Group aims to make Nunavut an academic department
Program will include exchanges, correspondence for communities
An ambitious group of Nunavut bureaucrats and southern academics hopes to put an end to Canada’s ignorance of Inuit and the eastern Arctic by creating a university department devoted to studying Nunavut.
Nunavut health, education and human resources officials joined forces with professors and students at Acadia University in Nova Scotia earlier this month, leading to the unofficial beginnings of INSPIRED – International Nunavut Studies: Policy Innovation, Research and Development at Acadia.
Among other issues, participants discussed how to further Nunavut’s interests through policy research, such as persuading Ottawa to increase funding to the Government of Nunavut.
Participants concluded, in part, that they will have to put an end to the condescending research techniques they say scholars have used in the past, when Inuit were rarely consulted on whether findings were accurate.
To gather accurate information on Nunavut, the residents of the territory, especially Inuit, must be the ones creating the research agenda, said Millie Kuliktana, who attended the symposium in Wolfville, N.S.
“My feeling is we’re going to create a new criteria for research,” said Kuliktana, executive director of Kitikmeot School Operations. “It’s an opportunity to do research on Inuit, but to do it with Inuit, using Inuit as partners, not as objects of interest.”
In order to make research more “Inuit-driven,” organizers hope to:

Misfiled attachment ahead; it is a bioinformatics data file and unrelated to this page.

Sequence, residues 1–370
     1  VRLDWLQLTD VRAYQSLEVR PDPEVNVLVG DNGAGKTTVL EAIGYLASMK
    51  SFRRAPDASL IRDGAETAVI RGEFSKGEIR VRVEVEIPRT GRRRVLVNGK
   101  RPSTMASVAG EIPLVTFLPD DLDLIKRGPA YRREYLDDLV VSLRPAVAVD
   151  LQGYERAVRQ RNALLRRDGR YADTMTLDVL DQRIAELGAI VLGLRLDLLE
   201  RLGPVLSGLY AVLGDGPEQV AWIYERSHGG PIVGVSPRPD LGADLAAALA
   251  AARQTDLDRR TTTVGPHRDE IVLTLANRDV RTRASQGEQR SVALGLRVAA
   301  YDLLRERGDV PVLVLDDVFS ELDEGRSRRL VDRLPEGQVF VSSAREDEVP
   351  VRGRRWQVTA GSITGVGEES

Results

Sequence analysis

* provide more post-secondary education opportunities in Nunavut’s remote communities, either through exchanges or on-line correspondence courses;
* create a fellowship program that sends Nunavummiut to teach students and professors about Nunavut in southern universities and colleges;
* develop a more comprehensive understanding of Nunavut’s challenges, such as housing and health care infrastructure, among media, politicians and bureaucrats in the south.
Cynthia Alexander, a political science professor helping coordinate the project at Acadia, said increasing awareness of Nunavut in the South will pay dividends to Nunavummiut, such as finding new funding for health care in the territory.
Alexander, who hosted the forum May 5-7, said federal politicians don’t usually act on issues that the public aren’t educated about, such as Nunavut’s extreme lack of housing.
By educating the South, Alexander expects money would flow more readily from federal coffers.
“We typically ignore anything North,” she said from her office in Nova Scotia. “If we all learn now about Nunavut, maybe it will become a priority to support and maintain her priorities.
“As the public, we can influence the policy agenda, but we need to be informed to do it.”
Alexander added that creating a formal institute for Nunavut policy research will also benefit the South. She said southern decision-makers could benefit from Nunavut’s example of consensus government, or the territorial government’s efforts to integrate culture into its policies, through its Inuit Qaujimajatuqangit programs.
Participants also hope the renewed focus on Nunavut policy research will help the territorial government find ways to reach its goals set out in the Bathurst Mandate, namely ensuring Inuit comprise 85 per cent of the public service by the year 2020.
Stephanie Rose, a third-year political science student at Acadia, will be coordinating the project from her home town of Iqaluit during the summer, with the help of education officials in Kugluktuk, plus territorial health assistant deputy minister Victor Tootoo, territorial human resources training director, Marion Love, and language commissioner Eva Aareak.
Rose, 19, said the focus will be ending unproductive research on her home territory.
“What’s been the problem in Nunavut, we’ve seen a lot of research but no action,” she said. “We’re giving leadership to Nunavut because they know what’s needed in Nunavut.”